District 12 zoning proposal meets opposition

The St. Anthony Park Community Council has tabled a proposal to change the zoning code in north St. Anthony Park to allow additional dwelling units to be built on single-family lots. The council is considering creating an ad hoc committee or task force to study housing density in District 12 and hear neighbors’ views about the zoning proposal.

Nearly two dozen residents attended the community council’s regular meeting on April 10 to express their opposition to zoning code changes in the neighborhood. The council had not planned to review any zoning proposal on April 10 but had intended to hear a report from the District 12 Land Use Committee, which met the week before.

The Land Use Committee was to hear a proposal on April 3 by the Land Use Efficiency interest group (not an official committee of the District 12 Community Council) to change the zoning code to allow property owners to build additional dwelling units—small separate units or attached additions to an existing home. The units could provide living space for aging parents, caregivers or seniors looking to downsize but stay on their property, proponents say.

More than 60 residents crowded into the meeting space at South St. Anthony Rec Center on April 3 to state their opposition to or support of the proposal.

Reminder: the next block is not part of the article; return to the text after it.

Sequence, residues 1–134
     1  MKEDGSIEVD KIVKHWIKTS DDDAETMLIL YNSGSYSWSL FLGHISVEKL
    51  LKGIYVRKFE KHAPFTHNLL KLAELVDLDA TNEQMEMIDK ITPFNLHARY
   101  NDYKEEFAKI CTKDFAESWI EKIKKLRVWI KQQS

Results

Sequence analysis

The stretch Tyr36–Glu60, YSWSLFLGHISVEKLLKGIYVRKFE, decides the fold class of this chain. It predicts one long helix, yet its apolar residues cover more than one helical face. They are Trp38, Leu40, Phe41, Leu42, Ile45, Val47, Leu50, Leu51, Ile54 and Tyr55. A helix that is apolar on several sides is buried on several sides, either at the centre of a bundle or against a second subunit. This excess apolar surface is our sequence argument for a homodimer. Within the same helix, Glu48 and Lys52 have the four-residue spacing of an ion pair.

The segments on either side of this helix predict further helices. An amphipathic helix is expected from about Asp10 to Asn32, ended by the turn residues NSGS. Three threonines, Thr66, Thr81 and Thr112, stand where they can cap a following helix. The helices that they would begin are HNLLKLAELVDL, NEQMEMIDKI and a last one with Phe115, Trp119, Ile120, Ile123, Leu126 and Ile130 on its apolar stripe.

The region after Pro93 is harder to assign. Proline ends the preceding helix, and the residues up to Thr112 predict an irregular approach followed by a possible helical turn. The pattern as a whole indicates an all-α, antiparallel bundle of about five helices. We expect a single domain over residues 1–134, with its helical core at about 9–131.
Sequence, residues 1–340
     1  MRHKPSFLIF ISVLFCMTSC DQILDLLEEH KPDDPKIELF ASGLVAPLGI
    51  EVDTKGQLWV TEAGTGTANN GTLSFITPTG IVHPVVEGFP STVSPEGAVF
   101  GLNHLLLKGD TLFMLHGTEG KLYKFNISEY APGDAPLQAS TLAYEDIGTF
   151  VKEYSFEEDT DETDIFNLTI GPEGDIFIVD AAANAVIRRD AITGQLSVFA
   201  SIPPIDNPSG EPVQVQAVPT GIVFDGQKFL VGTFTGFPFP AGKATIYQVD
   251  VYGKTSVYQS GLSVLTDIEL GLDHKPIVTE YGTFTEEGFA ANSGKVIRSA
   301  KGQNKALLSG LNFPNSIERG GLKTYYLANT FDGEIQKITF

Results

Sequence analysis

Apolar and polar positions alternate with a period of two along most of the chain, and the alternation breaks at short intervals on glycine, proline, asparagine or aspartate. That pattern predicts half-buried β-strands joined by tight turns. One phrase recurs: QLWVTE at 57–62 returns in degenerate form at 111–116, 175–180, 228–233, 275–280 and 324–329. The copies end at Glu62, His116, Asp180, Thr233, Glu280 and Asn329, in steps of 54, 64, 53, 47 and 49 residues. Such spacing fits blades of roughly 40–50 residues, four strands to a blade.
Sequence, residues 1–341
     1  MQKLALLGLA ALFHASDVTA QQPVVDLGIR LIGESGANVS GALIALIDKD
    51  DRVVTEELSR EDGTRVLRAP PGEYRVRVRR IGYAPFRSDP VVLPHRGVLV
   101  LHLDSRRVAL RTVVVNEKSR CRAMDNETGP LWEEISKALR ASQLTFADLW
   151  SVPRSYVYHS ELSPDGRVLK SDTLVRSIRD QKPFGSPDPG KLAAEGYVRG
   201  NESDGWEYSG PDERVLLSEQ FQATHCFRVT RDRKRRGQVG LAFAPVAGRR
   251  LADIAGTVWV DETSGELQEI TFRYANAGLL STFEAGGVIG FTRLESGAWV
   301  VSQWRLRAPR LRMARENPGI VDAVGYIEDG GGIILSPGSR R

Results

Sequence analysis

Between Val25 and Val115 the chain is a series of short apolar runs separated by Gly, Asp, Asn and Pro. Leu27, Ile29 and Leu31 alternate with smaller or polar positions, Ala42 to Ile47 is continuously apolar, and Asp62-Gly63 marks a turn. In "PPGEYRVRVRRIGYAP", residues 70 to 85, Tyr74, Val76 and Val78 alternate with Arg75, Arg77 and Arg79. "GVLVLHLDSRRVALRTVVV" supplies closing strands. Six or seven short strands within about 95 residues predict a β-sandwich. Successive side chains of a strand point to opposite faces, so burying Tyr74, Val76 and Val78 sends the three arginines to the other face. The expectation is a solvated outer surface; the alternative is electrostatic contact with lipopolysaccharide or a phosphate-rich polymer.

The Land Use Committee did not review the proposal that night but instead allowed the crowd to give statements and ask questions about the proposal and the community council process in St. Paul.

The Land Use Efficiency interest group is part of a larger initiative in District 12 called Transition Town ASAP. A group of residents formed Transition Town ASAP in 2013 to look at ways residents of St. Anthony Park could reduce their reliance on fossil fuels. The initiative established nine working groups tasked with projects that include establishing communal solar power grids, sustainable gardening and food production, transportation and land use efficiency.

Land Use Efficiency group members met one-on-one with several dozen area residents in August and September 2013 to assess interest in pursuing a zoning change to allow accessory dwellings on properties currently zoned as single-family. The group also conducted two public meetings, in November and in January, at Luther Seminary. The group’s draft ordinance was made public in late March and is posted on the District 12 website at sapcc.org/adus.

Residents interested in being involved in a group that would examine the issue should send an email to Amy Sparks, District 12 executive director, at amy@sapcc.org .

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